Updated: November 28, 2020 9:49:56 am
The Indian Institute of Technology (IIT) Madras, which has been ranked as the best Indian institute for the second consecutive year in India’s National Institutes Ranking Framework (NIRF), was nowhere in the list of top 100 institutes released by the Times Higher Education (THE) Ranking and in top 250 of the Quacquarelli Symonds (QS) World University Rankings released earlier this month.
Bhaskar Ramamurthy, director of IIT-Madras, speaking to indianexpress.com said the stark variation in assessment is because of the different matrix used by international and national rankings. “The international rankings do not depend upon the data provided by the institutes. They just ask us 2-3 basic parameters like faculty-student ratio, etc, which too is an important parameter. However, the international rankings overlook other key indices like research, industry collaboration, among others,” he commented.
“Most international institutes give as high as 50 per cent weightage to perception. There is no clarity on how they calculate this perception. It could be by asking a person to randomly name the top 10 institutes in the world they know,” he added. Ironically, in the NIRF ranking released today, IIT-Madras has got the highest score in perception with 96.16, followed by research with 90.67 score out of 100 this year. Overall, it has improved from 83.88 last year to 85.31 this year.
“For international rankings, if we increase our faculty members in one year, it gives us more marks at one point but also ranks us low in citation done by faculty for many years as it takes time for new faculty to research and submit citations. NIRF, on the other hand, asks for data which takes months to compile and one cannot fake these data points,” he said.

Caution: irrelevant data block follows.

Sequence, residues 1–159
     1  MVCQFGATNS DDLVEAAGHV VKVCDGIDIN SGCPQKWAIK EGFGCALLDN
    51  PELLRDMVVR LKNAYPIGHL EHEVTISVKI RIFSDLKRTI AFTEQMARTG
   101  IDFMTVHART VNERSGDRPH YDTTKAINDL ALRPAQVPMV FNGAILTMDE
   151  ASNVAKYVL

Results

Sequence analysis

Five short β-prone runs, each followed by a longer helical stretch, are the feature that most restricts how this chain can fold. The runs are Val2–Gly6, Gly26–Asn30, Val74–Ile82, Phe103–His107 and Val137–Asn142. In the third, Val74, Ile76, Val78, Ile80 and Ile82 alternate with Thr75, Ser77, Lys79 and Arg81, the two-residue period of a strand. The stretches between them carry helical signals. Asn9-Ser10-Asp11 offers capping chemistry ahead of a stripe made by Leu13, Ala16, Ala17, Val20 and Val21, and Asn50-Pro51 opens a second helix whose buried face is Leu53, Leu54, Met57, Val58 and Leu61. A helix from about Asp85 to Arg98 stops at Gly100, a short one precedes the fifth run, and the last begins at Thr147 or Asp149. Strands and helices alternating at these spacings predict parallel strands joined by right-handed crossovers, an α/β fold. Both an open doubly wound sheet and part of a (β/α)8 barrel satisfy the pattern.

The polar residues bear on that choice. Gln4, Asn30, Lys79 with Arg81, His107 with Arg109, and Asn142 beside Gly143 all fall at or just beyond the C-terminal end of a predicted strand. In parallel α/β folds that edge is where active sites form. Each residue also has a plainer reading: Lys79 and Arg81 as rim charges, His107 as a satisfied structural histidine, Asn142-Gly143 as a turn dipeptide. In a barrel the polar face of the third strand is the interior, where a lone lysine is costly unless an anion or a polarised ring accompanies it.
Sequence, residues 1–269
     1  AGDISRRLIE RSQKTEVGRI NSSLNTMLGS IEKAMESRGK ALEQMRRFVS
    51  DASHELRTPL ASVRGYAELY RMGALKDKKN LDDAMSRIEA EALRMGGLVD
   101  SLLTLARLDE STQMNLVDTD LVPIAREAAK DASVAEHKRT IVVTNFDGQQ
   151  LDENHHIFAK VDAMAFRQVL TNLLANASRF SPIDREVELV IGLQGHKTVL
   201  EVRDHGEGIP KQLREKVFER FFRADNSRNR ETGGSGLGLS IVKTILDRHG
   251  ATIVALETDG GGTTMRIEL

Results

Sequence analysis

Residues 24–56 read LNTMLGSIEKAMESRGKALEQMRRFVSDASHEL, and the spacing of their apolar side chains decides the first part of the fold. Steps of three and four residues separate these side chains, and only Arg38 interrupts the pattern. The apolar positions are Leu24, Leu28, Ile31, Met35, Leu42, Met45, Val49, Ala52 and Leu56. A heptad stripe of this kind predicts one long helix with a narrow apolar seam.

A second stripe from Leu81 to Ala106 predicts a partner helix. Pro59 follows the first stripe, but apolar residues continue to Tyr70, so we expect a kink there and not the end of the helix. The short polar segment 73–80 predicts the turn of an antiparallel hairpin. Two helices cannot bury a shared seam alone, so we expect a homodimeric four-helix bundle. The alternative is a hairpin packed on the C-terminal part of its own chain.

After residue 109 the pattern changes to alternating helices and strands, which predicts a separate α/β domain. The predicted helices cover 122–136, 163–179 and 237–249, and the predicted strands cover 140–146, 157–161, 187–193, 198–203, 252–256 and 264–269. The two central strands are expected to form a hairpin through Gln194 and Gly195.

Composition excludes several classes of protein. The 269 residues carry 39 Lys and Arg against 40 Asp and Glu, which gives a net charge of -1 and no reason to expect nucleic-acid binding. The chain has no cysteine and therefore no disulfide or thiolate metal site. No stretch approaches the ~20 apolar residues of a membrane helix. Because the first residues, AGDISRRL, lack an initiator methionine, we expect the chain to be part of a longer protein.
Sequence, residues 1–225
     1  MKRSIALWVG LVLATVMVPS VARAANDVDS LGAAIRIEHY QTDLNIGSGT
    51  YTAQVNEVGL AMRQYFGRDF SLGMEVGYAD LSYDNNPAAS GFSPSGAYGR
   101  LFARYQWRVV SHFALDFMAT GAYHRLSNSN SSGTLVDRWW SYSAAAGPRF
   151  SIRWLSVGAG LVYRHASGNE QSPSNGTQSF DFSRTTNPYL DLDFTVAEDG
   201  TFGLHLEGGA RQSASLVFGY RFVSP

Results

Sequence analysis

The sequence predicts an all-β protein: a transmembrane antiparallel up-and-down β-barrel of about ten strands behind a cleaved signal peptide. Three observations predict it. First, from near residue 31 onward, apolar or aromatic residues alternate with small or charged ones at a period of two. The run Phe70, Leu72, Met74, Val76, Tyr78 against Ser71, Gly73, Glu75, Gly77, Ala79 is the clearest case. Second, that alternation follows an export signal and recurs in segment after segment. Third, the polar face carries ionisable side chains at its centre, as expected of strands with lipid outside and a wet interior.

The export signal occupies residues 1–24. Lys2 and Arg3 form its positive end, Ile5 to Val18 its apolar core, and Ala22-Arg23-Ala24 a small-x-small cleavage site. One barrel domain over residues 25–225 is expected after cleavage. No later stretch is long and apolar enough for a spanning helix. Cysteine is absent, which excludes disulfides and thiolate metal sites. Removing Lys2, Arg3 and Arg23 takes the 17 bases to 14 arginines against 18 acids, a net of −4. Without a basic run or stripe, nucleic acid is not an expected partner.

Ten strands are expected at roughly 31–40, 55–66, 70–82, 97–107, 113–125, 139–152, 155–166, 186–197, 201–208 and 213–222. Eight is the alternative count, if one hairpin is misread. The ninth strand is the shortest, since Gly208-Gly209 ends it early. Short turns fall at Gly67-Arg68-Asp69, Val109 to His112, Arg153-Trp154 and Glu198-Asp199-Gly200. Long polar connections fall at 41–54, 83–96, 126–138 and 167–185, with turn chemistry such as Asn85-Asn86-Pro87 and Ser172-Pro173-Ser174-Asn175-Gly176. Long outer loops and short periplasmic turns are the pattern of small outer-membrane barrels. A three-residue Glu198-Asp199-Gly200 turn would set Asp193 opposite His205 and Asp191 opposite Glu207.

However, the IIT director added that the institute is aware of its strong points and shortfalls and will build on it. He mentioned that IIT-Madras, like other IITs, can improve on its internationalisation and their first aim would be to solve the country’s problems.
Minister of HRD Ramesh Pokhriyal Nishank, too, had remarked that he does not agree with the international ranking. “International rankings give high weightage to ‘perspective’ matrix. I do not agree with these international rankings,” he said while announcing the NIRF ranking through his Twitter handle today. He noted that NIRF rankings are more subjective and consider perspective as a parameter but give it lesser weightage. He added, “We will make India’s NIRF ranking so renowned that international institutes would want to be ranked in the Indian ranking instead.”
Director of IIT-Delhi, V Ramgopal Rao, said in a tweet, “The character of our institutes is different. It is a marathon we are running not a 100 metre race.” He had earlier commented that the international rankings lack an Indian context. On this instance, too, he mentioned, “This is a very dicey and non-transparent matric. We are known in India but international reputation needs an altogether different strategy. We need to hire a brand-building agency and aggressively campaign our Study in India initiatives, highlighting the achievements of IITs and our top institutes. Also, perception-based scores by these agencies are open to a lot of fallacies and other considerations.”
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